Faster payments support financial inclusion, helping consumers avoid hefty fees from overdraft fees and check cashing. These systems also unlock working capital for small businesses who otherwise have to wait days for money to appear in their accounts.
The U.S. has the FedWire system, which allows real-time payments, but sending money through it is prohibitively expensive for most Americans. Banks can charge, on average, anywhere from $25 to $40 for the sender and typically charge recipients receiving fees for sending money instantly in the domestic wire-transfer system.
For sending money abroad, the fees are even higher, with banks on average charging 6% to 8% in fees with the money reaching the recipient in three to five days on average. Wire services, like Western Union or Moneygram, provide some faster options but can be significantly costlier for both sender and recipient. Neobanks and fintechs like Novo and N26 are trying to cater to this demand but are barred by a system that restricts bank and non-bank collaboration.
The archaic financial infrastructure has implications that extend beyond the everyday consumer. It's barring the U.S. from participating in a worldwide payment revolution through which money can now move instantly, at any hour, anywhere, and be five to 10 times cheaper than current rates banks can charge.
India (Immediate Payment Service, the U.K. (Faster Payments Scheme), Europe (Single European Payments Area Instant Credit Transfer) and Australia (New Payments Platform) all have modern financial systems more advanced than the U.S. that increase payment efficiency for their citizens.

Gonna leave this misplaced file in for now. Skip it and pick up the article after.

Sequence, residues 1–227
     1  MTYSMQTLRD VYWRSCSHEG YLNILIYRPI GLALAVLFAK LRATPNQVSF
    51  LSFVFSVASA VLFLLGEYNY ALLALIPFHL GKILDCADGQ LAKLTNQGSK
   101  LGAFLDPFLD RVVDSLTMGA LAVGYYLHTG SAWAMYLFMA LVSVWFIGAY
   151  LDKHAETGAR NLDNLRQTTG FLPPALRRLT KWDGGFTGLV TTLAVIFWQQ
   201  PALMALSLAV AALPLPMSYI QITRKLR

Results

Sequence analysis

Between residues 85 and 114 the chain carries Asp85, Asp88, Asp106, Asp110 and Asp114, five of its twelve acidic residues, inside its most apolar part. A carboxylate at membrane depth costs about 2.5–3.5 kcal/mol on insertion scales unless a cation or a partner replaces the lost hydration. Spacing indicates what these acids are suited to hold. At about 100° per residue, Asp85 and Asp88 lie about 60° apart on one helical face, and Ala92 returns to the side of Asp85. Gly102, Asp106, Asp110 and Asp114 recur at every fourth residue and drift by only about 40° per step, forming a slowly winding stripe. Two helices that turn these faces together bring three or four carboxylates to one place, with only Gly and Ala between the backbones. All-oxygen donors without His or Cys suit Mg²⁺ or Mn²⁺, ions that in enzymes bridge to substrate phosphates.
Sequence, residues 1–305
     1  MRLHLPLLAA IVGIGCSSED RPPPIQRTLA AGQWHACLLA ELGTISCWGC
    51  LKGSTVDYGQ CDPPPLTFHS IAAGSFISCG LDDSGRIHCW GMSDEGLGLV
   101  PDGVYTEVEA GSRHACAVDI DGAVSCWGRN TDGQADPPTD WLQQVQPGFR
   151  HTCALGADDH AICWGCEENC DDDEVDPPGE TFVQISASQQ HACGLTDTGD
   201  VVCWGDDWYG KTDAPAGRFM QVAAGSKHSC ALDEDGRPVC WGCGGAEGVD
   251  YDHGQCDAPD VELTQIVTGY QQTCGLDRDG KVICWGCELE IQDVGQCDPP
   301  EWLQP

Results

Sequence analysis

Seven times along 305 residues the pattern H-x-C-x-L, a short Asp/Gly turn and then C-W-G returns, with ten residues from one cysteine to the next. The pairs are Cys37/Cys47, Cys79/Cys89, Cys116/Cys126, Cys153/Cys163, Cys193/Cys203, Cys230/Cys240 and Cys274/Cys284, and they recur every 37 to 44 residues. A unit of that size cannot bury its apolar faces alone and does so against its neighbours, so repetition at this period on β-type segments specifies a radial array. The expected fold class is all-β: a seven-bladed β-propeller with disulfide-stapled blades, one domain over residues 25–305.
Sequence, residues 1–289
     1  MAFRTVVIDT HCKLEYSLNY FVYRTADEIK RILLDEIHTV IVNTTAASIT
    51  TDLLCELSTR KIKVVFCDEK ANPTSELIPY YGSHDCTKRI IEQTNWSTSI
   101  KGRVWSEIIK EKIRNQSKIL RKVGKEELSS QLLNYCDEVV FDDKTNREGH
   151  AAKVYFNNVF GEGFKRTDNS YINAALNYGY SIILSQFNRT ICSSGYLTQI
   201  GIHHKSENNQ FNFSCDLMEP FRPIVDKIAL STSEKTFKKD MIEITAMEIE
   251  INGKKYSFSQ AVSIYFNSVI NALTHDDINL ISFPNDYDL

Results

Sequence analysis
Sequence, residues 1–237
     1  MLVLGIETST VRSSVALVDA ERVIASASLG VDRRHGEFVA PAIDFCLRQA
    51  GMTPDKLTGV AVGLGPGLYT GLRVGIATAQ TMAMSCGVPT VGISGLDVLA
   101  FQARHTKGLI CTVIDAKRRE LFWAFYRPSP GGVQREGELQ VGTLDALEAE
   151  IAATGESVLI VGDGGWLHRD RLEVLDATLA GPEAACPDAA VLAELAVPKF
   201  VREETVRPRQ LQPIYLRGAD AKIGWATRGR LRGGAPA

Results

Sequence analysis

Several other nations — Singapore, Hong Kong, Belgium, the Democratic Republic of the Congo, Malaysia, Portugal, Slovenia, Spain, France, Hungary, Netherlands, Canada, Columbia and Peru — also recently have launched, will soon launch or are exploring a faster payments scheme.
Not all's lost for the U.S., though. In recent years there has been some progress in increasing the speed of payments across the country. Card networks have started expanding to technological offerings like Visa Direct and Mastercard Send, while large banks have started to adopt services like Zelle by clearXchange and the TCH Real-Time Payments (RTP) system.
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Despite these positive developments, smaller banks and non-bank players have been reluctant to join a system run by direct competitors. This lack of a ubiquitous infrastructure is further driving a wedge between the market and consumers' access to faster payments rails.
The future of real-time payments hinges on the Federal Reserve playing a key leadership role. Having multiple players under a single system promotes market competition, giving customers freedom of choice and ultimately greater savings. As evidenced by the global developments we've already seen around the world, it is promising that in 10 years a large percentage of payments will take place in real-time systems. With that future in mind, and the economic and financial benefit such a system provides, it is prudent to not have a single system run by a single provider that powers most of the country's payments.
If we ever want to move on from 45-year-old technology, it's imperative that real-time payment systems are fully adopted. If not, we may still be running a fragmented infrastructure with expensive-to-maintain technology in another 50 years.
—By Harsh Sinha, chief technology officer at TransferWise and a member of CNBC's Technology Executive Council